I was looking through news articles just now, trying to find something that would click with what we talked about in class today, when I went to the front page of the Fox News Archaeology tab. On that page, there was an article about a museum in Philadelphia, Pennsylvania, which has a rather large amount of blind patrons coming through it (http://www.foxnews.com/science/2013/12/03/pa-museum-tells-blind-visitors-please-touch/). It must be difficult for these people to get any experience at all going through the museum; after all, most information is gathered from looking at artifacts, and there can’t be much else to glean from the docent’s speeches when you can’t see what’s in front of you. However, it is said that blind people can “see” very well with their hands, by touching. And that is why what this museum did was so amazing for them.
Usually (when you can see, at least) there are strict “no touching” policies in effect in almost every museum. I’m sure every one of us has been on a class trip where we were violently whispered at to keep our hands off of the precious artifacts. This makes sense, too; just today Ethan mentioned that the oils on our hands can destroy artifacts much more than the average person would expect. But the people in charge at this museum decided to give the blind something more to visit for; they allowed them to touch artifacts, giving them the ability to get significantly more involved in the museum attractions and hopefully drawing more blind people to come and learn about archaeology. It was an amazing display of adaptation for the museum, who now has a lot more people who it can educate.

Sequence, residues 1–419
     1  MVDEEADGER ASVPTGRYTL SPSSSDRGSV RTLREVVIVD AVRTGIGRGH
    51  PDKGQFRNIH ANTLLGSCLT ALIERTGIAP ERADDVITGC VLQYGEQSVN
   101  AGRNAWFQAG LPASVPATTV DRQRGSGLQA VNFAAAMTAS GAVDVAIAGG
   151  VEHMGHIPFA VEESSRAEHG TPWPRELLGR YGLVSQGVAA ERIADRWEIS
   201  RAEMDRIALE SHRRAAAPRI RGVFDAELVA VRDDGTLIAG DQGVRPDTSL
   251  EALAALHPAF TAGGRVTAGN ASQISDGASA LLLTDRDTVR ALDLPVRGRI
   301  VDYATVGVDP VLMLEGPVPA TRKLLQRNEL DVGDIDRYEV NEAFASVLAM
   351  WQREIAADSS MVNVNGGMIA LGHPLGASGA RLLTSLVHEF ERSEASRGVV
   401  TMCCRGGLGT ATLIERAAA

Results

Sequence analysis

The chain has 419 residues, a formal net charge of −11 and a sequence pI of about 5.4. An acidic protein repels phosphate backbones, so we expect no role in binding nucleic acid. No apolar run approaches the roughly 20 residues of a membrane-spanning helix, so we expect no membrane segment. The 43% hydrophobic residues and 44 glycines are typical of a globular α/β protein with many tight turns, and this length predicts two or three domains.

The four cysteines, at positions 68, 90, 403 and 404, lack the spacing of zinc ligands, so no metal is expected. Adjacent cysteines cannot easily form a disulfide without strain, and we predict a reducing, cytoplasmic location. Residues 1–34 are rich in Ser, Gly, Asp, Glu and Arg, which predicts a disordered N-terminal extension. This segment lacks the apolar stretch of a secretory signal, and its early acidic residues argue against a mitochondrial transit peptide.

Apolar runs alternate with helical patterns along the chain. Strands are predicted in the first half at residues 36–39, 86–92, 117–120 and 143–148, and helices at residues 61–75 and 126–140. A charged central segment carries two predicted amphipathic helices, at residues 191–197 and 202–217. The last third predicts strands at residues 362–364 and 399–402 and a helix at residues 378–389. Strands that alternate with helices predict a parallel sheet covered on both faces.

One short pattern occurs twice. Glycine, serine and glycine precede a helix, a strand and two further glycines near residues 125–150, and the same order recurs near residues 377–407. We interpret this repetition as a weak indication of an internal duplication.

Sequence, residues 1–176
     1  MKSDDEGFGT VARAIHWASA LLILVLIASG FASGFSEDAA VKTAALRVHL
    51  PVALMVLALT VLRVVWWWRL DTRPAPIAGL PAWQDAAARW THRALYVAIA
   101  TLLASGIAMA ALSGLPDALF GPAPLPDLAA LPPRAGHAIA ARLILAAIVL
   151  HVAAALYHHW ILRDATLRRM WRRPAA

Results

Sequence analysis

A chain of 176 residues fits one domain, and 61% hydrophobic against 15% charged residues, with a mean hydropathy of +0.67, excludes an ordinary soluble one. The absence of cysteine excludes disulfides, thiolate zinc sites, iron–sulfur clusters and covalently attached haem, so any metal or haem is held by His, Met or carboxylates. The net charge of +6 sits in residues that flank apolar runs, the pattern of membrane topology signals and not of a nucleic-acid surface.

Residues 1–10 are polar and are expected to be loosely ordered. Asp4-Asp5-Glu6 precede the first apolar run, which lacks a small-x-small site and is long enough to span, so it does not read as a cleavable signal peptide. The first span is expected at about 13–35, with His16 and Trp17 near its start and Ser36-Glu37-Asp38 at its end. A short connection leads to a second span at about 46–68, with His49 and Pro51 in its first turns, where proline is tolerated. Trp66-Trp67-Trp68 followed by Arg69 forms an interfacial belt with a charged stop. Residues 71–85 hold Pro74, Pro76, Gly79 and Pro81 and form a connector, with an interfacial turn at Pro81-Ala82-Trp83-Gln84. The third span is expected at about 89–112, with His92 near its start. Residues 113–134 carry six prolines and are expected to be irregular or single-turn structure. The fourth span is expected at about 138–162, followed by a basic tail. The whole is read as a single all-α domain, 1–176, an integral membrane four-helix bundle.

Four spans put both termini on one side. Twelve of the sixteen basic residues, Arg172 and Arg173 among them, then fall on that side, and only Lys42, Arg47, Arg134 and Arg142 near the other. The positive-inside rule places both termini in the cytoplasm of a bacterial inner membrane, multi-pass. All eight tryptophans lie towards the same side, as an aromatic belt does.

However, with the fact that our hands can destroy the things they’re striving to learn about, could it be worth it? I personally am very concerned for the artifacts in the museum, which will be exposed much more to human flesh, and who knows how long they’ll last. As exciting as it is for a whole new category of disabled people to be able to experience a museum in a way they haven’t before, I can’t help but wonder if this museum’s policy will end up hurting more than it helps.